Illiom was about to comment on this when she saw it.

It was impossible to miss, for it stood alone in the centre of what must have once been a great square.

It was the remains of a large circular building, whose walls flowed seamlessly into the pavement. However, one arched entryway had been spared. It remained intact and still recognisable.

Illiom strode towards the archway but the others stopped and watched.

This was the place where Princess Sestel had received the Seeking Stones that had led to the Chosen.

To her.

She left Calm outside the pointed archway and stepped through into the circular ruin.

Other than the intact archway, there was nothing to mark this place; nevertheless, she stood there, waiting.

Quashing her self-consciousness, she closed her eyes and steadied her breathing.

The first thing she became aware of was the silence. She realised then that there had been no birdsong, no breeze rustling through anything. This emptiness, this absence, permeated Akta and was total and complete.

And yet...

Slowly, Illiom became aware of something subtle, just on the brink of being felt. The more she strained towards it, the further it receded. Till it was lost.

She pulled back and waited.

It was not long before she felt it again.

She could not tell if it was a sound or a vibration. More like a quiet hum. Then she knew; it was faint human voices sounding a single vowel, without melody or variation. It was similar to the chants of Iod’s monks, only much softer and more subtle.

On impulse, she squatted upon the smooth floor and placed her palms flat against the glassy black surface.

The humming became louder then, and a warm sensation travelled up her arms. Illiom opened her eyes and turned to the others to share what she had discovered, but her companions – as well as the ruins that had surrounded her – had vanished.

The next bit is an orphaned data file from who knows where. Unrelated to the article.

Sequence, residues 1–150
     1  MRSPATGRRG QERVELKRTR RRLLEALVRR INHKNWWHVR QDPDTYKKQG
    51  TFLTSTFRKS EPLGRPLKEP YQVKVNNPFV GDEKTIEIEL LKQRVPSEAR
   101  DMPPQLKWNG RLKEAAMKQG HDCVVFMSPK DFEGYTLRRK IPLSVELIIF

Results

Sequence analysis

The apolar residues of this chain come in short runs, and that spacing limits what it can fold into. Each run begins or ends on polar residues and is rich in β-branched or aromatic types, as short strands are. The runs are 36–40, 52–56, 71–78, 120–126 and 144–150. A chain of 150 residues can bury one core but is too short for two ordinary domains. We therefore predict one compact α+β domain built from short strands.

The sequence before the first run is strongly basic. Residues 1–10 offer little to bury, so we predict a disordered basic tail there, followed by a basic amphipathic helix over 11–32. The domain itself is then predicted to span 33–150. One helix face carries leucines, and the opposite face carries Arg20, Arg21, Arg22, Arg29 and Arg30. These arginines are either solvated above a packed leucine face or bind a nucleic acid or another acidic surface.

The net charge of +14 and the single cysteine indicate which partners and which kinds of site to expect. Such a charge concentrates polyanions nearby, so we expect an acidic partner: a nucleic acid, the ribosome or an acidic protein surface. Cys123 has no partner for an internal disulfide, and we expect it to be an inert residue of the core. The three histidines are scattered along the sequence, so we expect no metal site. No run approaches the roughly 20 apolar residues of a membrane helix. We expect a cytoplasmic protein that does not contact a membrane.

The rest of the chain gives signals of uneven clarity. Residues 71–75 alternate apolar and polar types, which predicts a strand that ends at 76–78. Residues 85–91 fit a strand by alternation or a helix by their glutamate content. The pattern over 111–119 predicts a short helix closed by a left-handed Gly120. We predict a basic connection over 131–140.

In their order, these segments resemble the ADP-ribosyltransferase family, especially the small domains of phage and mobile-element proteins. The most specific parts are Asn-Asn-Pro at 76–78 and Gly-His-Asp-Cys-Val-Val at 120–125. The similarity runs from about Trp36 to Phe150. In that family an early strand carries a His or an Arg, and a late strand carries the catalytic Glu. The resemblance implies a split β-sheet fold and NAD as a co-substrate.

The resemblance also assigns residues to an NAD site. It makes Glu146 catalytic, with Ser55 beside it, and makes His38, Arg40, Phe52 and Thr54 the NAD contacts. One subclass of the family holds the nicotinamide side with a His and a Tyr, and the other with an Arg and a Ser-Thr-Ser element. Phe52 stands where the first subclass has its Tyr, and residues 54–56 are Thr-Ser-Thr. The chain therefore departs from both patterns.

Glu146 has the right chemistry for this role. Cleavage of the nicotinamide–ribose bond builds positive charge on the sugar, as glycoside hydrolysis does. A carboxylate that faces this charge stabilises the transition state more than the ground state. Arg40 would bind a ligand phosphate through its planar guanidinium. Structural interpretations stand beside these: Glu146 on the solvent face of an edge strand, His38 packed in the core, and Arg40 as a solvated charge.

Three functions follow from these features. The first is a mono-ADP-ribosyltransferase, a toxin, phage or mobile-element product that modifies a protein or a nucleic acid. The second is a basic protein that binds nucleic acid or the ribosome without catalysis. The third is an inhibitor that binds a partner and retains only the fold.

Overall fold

She stood in the centre of an undamaged, circular edifice. Through round windows sunlight fashioned pools of brightness upon the floor. She looked directly up and saw a dome of palest aquamarine that washed the building’s interior in a gentle hue, lighting up the faces of the beings who surrounded her.

Illiom froze.

They sat on chairs of solid stone, facing inwards to where Illiom crouched. Directly beneath her, a round golden circle was embedded into the floor. It was easily two spans in diameter, and from it crimson rays made of different coloured stone radiated out, each pointing towards the individual who sat there. Thirteen rays for thirteen beings in robes of dazzling white.

Behind and above each of the seated ones hung a broad disc, a silver representation of Sudra showing the Goddess in her thirteen aspects between full and new. Each disc was etched with a different glyph that shimmered against the orb of Sudra as if it were on fire.

With a start, Illiom realised that the thirteen beings were the source of the humming, and the sound they made created a field of pure energy that coursed right through her.

She stood within a power that was filled with a depth of boundless knowing.

No sooner did she attempt to grasp one thing than another would move in to replace it and become, in turn, the centre of everything else.

The merging of the ones enthroned around her was unsullied by pride or competition. It was empty of conceit and so pure that tears washed down her face.

I know this.

She felt it in her heart. Illiom could not have said what she knew, but know it she did.

It was as self-evident as the understanding that it was either day or night.

However there was such urgency, so pressing and terrible, that it froze her blood: a need so vast and a peril so great that the very fabric of reality was under threat.

Illiom struggled and failed to hold on to what she was experiencing. Then, as abruptly as it had all begun, the ancient ones around her began to fade.

“No!” she implored.

Indifferent to her plea, even the floor beneath her began to dissolve. She cried out as the truth slipped through her fingers and, without any care for herself, Illiom let herself fall after it.